Brago takes diagnostics on the road
Lakewood, Colo.—When shops call Rob Brago, owner of Colorado Diagnostic Equipment, it’s usually to be the “clean up man” and complete the final step in a diagnostic procedure. Over the last few years, he has built a reputation as a go-to diagnostician for programming newly installed modules and routine software updates on existing ones in shops along the Front Range.
Equipped with current automaker service information subscriptions, latest OEM and aftermarket scan tools, J2534 devices, five-gas analyzers, TPMS tools, and more, Brago, a former ASE master-certified and L1 technician and factory scan tool salesman, said he has become a part of many repair shops’ diagnostic strategies.
“Some shops see me as a necessary part of their diagnostic procedure. Now people know me as the guy that comes in and does the programming,” Brago told Parts & People during an interview at Lube & Latte, a client he services in Lakewood, Colo.
“Some of the smaller shops are happy to call me in,” he said. “They may not want to make the investment in the equipment or are not confident doing it.
“Not having to take the car to the dealership for reprogramming is a benefit,” said Dustin Olde, owner of Lube & Latte, a full-service three-bay shop that doubles as a coffee shop. “There is a lot of risk mitigation involved with having an expert do it (reprogramming).”
Lube & Latte Master Technician Chris Andrews said using a mobile diagnostician also saves the technician the time from having to navigate an OEM website for information, which can be very cumbersome for some makes.
As a diagnostic expert, Brago started his business selling scan tools in 2008, but said it quickly evolved into reprogramming modules for shops after installation. Brago also functions as a scan tool sales consultant, part of his original business plan, selling “whatever the shop needs” and then training them on it.
Autel is a preferred brand for shops, he said, since the tool allows the technician to perform tasks at an OE level. “They do an amazing job with a wide variety of cars,” he said. For programming, however, Brago said he sticks to servicing mostly domestic, Asian, and Korean vehicles, and some European makes.
For J2534 programming and recalibration, Drew Technologies’ CarDAQ-M is the preferred tool, he said, adding that he not only uses it, but also sells it to shops. “They are the J2534 leaders and have good tech support.” Forward-thinking automakers, such as Toyota, also allow independent technicians to stream the scan tool and J2534 capability from the Web to the car.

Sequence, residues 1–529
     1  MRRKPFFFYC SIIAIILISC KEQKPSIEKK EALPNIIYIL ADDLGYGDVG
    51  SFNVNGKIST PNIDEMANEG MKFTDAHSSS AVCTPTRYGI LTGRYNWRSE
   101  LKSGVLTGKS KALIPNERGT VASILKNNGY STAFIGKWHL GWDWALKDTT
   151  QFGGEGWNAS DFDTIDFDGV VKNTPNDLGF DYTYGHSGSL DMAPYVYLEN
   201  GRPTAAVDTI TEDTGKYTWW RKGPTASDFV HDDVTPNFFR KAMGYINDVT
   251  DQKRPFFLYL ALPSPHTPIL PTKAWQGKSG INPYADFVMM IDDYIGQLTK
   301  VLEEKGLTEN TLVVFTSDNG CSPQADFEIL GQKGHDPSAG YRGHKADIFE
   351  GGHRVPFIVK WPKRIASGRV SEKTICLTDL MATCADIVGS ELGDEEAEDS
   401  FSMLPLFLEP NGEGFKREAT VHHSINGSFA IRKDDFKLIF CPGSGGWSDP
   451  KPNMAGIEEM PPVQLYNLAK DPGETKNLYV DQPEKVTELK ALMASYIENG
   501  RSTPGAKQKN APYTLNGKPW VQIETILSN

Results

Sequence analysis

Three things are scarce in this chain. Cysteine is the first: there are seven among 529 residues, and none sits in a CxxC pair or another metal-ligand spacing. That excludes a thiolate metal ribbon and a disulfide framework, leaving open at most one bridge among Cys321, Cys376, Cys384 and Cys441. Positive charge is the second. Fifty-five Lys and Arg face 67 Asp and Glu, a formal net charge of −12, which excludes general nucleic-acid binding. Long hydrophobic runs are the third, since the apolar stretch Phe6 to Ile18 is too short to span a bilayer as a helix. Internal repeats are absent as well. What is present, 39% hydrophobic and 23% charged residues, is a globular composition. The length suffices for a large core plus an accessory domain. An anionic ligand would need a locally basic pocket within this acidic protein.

From what he’s witnessed, Brago said many technicians diagnose cars well. However, doing so is a challenge without the proper service information, equipment, and ability.
“It’s easy to get in over your head in diagnostics and take much longer than what you’re able to charge for,” he said, which is a situation that may also cause haste and influence a technician to skip critical steps. It occasionally causes them to jump to incorrect repair conclusions, he said, adding that popular repair databases that publish pattern failure and repair recommendations also encourage that behavior.
Initial steps should include a “pin out” test that involves voltmeter measurements. “They’re critical to getting to the root of what’s going on,” he said.
On any given day, Brago said he performs on-site work at four to eight shops along the Front Range from Longmont to Castle Rock. With 10-30 modules in modern cars, he said there is no shortage of work.
Once purely a RR procedure, many parts now require reprogramming after being replaced, Brago said, pointing out that the power steering rack-and-pinion assembly for a Ford Explorer now requires post-installation programming. Even something as simple as a window switch in some GM vehicles needs to be programmed, he added.
Although many shops use Colorado Diagnostic Equipment as a way to bridge the technology gap, Brago said independent shops will have to have OE-level diagnostic capability if they want to stay competitive.
In a sense, Brago said with a chuckle, he’s competing against himself every time he sells a new scan tool. “If I sell a piece of equipment, I train them on it, and show them how to use it. I can speak their language, having been a technician,” he said of his interactions with technicians. He added that attending AAPEX and SEMA help him stay up to date on the latest tools and service information.
Even though many shop owners say there is a technician shortage, there are young techs that are smart and willing to do diagnostics, he said. “They’ve grown up in a computer age, so they get it.”